Section 8 Evictions Explained:
Many landlords choose to participate in the Section 8 program. Afterall, it offers the benefit of guaranteed rent subsidy payments. However, it may not always work out as expected. The tenant may stop paying their portion of the rent, seriously damage the property, or some other lease violation may arise. If it becomes necessary to pursue eviction, the landlord must follow not only state and local procedures for eviction, but also U.S. Department of Housing and Urban Development (HUD) regulations.
As a landlord participating in the Section 8 program, it’s essential to understand and protect your rights in case an eviction becomes necessary. By following proper documentation and communication practices, navigating the appeals process, and knowing one’s legal rights and options, a landlord can ensure a smooth eviction process while protecting their interests as a landlord.
What is Section 8 Housing?
The program is funded by HUD and was first authorized in 1937 to help elderly, disabled, and low-income residents afford suitable housing. The program has become commonly known as Section 8. Qualifying residents get vouchers that pay a portion of their rent. They can then rent from any landlord that accepts Section 8 vouchers. In general, a Section 8 tenant has to pay 30 to 40% of the rent while the local housing authority will cover the remaining 60 to 70%.
The Section 8 program offers benefits to both landlords and tenants. For tenants, Section 8 provides the opportunity to reside in safe, decent, and affordable housing that they may not have otherwise been able to afford. The most obvious benefit to landlords is having the government paying at least 60% of the rent every month.
The Section 8 Eviction Process:
For the most part, Section 8 evictions are much like the normal eviction process. The most substantial difference is the notice requirement. Section 8 tenants must be given a 30-day notice rather than a 5-day notice. Interestingly, this difference applies to the whole building meaning if a landlord has a multi-family rental property with both Section 8 tenants and non-Section 8 tenants, the landlord must give any tenant a 30-day notice prior to an eviction proceeding being filed. Another difference in the notice requirement is that the local housing authority must also be notified prior to a Section 8 eviction.
Step 1 – Identify Good Cause for an Eviction:
Like all evictions, the first step in a Section 8 eviction is to identify good cause. HUD is clear about what constitutes an “allowable circumstance for terminating tenancy” for Section 8 tenants. A Section 8 eviction is justifiable for:
- Material noncompliance, including non-payment of rent, substantial lease violations, fraud, and repeated minor violations;
- Drug-related or other violent criminal activity; or
- Material failure to carry out obligations under local, State, or Federal tenant laws.
Step 2 – Provide Notice:
The next step is to provide a Section 8 termination notice. The notice should be hand-delivered, sent via certified mail, posted to the door, or served by the sheriff or constable. The notice must provide 30 days for the tenant to vacate the premises or remedy the cause for the eviction. A copy of the notice should be sent to the Louisiana Housing Authority and any local housing authority. At a minimum, it is recommended that the notice include:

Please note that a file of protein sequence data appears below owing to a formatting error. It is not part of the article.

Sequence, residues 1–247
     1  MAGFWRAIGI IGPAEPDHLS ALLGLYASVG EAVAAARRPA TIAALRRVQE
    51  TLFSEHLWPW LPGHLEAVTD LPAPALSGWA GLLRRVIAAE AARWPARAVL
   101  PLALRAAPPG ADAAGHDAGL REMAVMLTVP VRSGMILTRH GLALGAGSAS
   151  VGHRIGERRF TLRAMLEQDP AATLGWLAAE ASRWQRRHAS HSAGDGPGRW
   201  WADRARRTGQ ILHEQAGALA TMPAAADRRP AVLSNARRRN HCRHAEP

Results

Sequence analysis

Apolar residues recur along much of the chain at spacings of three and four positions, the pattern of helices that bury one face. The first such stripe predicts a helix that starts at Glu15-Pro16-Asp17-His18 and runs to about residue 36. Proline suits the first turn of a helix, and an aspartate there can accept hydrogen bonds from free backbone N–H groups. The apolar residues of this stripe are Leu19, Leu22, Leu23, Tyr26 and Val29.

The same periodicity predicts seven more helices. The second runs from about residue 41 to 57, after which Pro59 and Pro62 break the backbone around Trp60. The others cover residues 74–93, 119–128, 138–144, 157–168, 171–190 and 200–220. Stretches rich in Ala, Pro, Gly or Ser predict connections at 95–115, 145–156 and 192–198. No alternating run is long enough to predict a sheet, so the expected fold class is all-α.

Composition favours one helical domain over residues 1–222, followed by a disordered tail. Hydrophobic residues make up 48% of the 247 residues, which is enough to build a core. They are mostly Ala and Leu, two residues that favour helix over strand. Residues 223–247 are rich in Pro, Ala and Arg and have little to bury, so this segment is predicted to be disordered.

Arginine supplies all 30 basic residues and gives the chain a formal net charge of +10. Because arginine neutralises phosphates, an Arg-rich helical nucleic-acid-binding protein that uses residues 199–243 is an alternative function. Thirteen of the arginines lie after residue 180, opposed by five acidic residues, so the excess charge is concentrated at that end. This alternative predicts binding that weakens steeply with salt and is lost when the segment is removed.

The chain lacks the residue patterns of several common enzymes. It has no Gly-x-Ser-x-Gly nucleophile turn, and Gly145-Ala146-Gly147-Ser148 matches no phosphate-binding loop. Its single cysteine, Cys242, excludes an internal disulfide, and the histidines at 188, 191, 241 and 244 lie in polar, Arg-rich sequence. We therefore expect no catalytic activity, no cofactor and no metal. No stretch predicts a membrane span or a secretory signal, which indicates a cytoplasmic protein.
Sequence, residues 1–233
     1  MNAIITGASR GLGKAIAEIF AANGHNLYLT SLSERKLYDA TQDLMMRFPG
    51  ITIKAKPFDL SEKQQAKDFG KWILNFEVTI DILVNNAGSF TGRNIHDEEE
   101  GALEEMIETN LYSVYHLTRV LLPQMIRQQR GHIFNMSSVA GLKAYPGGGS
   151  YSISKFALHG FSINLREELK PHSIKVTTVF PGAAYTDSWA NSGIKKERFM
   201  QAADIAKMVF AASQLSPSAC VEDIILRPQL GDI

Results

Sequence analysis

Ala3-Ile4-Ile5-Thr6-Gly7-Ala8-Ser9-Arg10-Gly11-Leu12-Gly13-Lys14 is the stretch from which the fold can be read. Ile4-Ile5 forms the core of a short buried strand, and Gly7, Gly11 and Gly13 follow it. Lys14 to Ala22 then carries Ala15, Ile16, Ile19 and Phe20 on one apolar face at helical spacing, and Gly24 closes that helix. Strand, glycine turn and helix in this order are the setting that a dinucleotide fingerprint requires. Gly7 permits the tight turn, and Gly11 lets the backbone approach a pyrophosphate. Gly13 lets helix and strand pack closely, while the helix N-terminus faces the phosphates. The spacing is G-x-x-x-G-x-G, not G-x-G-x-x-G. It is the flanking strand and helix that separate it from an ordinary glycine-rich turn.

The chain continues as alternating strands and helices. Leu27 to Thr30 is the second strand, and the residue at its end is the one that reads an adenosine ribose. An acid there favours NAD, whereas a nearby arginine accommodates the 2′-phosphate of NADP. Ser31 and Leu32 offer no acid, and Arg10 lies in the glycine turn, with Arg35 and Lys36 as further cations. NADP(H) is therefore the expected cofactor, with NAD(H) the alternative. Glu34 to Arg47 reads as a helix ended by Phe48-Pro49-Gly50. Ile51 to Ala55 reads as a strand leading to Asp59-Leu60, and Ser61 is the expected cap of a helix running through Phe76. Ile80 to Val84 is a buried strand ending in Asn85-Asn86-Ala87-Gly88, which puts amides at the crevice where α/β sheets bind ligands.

- That the tenancy is intended to be terminated;
- The date the tenancy will end;
- The rental amount due (for non-payment cases);
- The reason for the eviction, with enough detail so the tenant can prepare a defense;
- A warning stating that staying in the unit past the end date may result in court enforcement;
- An advisory that the tenant has 10 days to discuss termination with the owner; and
- A reminder that tenants with disabilities have the right to request reasonable accommodations during the hearing.
Step 3 – Discuss Eviction with the Tenant:
Per HUD regulations, Section 8 tenants are allowed ten days to discuss termination with the landlord in the presence of a housing authority representative. After the meeting, the landlord must provide a final written decision to the tenant.
Step 4 – File Petition for Eviction:
At this step, the process is no different than any other eviction. If the tenant has not vacated the property, the landlord may file a petition for eviction in the proper venue. The petition should include all relevant information regarding the parties, identify the property, and provide the cause(s) for the eviction. The court will then set a hearing and issue a citation and order to be served upon the tenant. The landlord must then prove his case at a hearing before a judge wherein the tenant may also present any defenses.
Louisiana Eviction Attorneys
We are a Gretna law firm that has served the New Orleans area since 1980. Our experienced creditors’ rights attorneys are well versed at handling evictions throughout Louisiana. If you have questions regarding the intricacies of a Section 8 eviction, our eviction lawyers can help answer your questions and lend advice. We take pride in offering an effective and efficient experience. Call us today for a free consultation and find out why so many of our clients come back to us.